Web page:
In a January speech, Development Research Center vice director Han Jun noted that China's grain supply had become tighter despite nine consecutive increases in grain output and China's self-sufficiency rate had fallen to under 90 percent in 2012. "Grain" imports were 77 million metric tons last year. Soybeans accounted for most of the imports, totaling 58 mmt. Han pointed out that China was an exporter of soybeans until 1996 but it now imports 80 percent of the soybeans it consumes.
Han attributed the increase in imports to rapid dietary change, limits on natural resources and lower prices overseas. He recalled reading a report that said China had experienced an unprecedented dietary change. Over 20 years, fresh water fish production increased five-fold, poultry meat four-fold and pork output doubled. With this kind of upgrade continuing into the future, Han thought that China would need to utilize both domestic and foreign markets to satisfy demand. Han also called attention to the challenge of preventing atrophy of agriculture as the country urbanizes, citing worries about bankrupt farmers and emptying out of villages as people migrate to cities.
National Development and Reform Commission researcher Jiang Changyun is more optimistic. He defines away the problem by changing the "food" definition from the traditional Chinese definition of "grain" that includes cereal grains plus soybeans to just "cereal grains" to conform with the Food and Agriculture Organization definition. He points out that China was self-sufficient in rice, wheat and corn until the last few years and in 2012 imports were still less than 2 percent of consumption for rice, 4.4 percent for wheat and 3.6% for corn.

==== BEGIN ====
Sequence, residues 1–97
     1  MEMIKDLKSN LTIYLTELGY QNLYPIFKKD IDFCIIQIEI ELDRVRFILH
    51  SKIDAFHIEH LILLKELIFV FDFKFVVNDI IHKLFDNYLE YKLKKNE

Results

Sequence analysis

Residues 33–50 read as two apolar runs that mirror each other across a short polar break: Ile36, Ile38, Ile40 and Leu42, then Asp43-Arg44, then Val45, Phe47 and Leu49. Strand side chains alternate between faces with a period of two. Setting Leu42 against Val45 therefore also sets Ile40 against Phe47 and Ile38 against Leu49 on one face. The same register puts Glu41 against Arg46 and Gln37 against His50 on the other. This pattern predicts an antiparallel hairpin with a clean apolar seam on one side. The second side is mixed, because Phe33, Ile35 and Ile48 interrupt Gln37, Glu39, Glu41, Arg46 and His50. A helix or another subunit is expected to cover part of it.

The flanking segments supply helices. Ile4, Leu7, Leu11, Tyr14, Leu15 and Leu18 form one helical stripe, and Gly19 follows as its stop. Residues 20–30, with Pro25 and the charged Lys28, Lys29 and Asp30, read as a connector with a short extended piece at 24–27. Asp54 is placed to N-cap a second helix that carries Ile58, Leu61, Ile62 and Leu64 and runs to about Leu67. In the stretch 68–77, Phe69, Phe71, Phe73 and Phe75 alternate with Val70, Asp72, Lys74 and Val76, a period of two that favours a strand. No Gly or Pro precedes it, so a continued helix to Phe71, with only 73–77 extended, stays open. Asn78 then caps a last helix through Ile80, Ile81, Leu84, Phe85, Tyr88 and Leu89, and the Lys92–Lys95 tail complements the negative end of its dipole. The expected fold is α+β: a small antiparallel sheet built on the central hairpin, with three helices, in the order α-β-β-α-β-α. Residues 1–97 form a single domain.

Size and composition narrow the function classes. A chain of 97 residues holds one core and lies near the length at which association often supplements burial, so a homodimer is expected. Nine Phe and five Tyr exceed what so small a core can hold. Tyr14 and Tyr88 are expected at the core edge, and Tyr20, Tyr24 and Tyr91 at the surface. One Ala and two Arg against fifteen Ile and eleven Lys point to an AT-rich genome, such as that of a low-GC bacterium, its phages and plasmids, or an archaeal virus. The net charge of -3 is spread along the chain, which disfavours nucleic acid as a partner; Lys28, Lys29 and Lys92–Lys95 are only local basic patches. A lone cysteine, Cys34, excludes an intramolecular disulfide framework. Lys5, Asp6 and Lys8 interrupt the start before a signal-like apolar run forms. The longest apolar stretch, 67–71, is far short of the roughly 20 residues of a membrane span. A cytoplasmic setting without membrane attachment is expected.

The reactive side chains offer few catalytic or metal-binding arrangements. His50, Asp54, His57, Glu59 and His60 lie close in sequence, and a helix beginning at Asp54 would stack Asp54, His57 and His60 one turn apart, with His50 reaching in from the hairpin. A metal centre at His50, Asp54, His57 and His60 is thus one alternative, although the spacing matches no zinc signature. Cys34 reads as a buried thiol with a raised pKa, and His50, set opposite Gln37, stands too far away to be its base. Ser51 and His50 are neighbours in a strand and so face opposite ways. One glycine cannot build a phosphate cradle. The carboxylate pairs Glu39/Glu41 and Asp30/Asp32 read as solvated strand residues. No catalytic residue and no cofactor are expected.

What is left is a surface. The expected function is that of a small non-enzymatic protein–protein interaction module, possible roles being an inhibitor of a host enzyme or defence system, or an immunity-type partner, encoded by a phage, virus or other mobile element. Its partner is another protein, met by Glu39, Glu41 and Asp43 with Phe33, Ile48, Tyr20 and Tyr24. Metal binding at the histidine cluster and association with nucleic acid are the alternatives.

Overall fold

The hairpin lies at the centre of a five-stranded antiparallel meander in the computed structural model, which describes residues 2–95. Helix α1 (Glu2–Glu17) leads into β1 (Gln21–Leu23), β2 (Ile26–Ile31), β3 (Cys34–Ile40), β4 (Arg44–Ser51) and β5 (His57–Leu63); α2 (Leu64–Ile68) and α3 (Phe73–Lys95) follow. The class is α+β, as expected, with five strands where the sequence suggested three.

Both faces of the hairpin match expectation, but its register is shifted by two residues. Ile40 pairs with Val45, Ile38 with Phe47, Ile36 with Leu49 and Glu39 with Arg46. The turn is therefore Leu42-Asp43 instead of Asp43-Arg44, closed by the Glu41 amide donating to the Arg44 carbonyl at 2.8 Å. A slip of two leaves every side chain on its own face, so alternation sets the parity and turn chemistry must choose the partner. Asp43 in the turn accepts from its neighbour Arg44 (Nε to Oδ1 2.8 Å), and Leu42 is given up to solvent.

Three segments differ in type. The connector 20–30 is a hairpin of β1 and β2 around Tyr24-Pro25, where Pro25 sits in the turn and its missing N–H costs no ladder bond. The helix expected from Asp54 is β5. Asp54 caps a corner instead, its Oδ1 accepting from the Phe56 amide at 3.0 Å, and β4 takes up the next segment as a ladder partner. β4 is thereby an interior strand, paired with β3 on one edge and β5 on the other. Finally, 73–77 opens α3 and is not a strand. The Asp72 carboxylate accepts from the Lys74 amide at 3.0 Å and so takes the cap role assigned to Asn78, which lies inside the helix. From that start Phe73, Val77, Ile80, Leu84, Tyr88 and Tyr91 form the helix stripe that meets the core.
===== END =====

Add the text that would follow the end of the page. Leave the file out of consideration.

Charts showing proportion of rice, wheat and corn imported last year.
This week Liu Hanyuan, the chairman of one of China's largest feed companies, discussed food security while in Beijing for the Peoples Consultative Committee meeting. Liu expressed concern about pressure from the rising imports of grain and foreign dependence. Liu worried about the geographic reliance on imports from North and South America, asserting that grain trade is more concentrated than petroleum trade. This reliance, said Liu, makes China vulnerable to security risks if there are changes in the international political and military environment. Liu amplifies Han's recommendation by calling for more concentrated, commercial-scale farming and a steady increase in grain prices to give farmers production incentives.
Jiang Changyun provides the conventional justification for why China needs to be self-sufficient. He thinks that a big country like China must remain self-sufficient in grains because "whatever China buys becomes expensive, and whatever China sells becomes cheap." He implies that China's grain imports in 2012 were not problematic since they were a small share of world trade, but he asserts that the world wouldn't have enough grain to supply large Chinese imports. He points out that all the biggest countries--the United States, Canada, Brazil, Russia--are self-sufficient or nearly self-sufficient. Only Africa is below 90 percent self-sufficiency.
Well, if the rest of the world--maybe including Africa--could count on China being a regular customer they could ramp up production a lot more than Mr. Jiang realizes. Consider the example of soybeans. In 1991 when China's massive soybean import program was just a gleam in Deng Xiaoping's eye, world trade in soybeans was 28 million metric tons. Who would have thought the world would ever be able to supply China with nearly 60 mmt of imports--twice what total exports were in 1991? More surprisingly, China's imports haven't reduced imports by the rest of the world. Imports by the rest of the world are expected to be 33 mmt in 2012/13.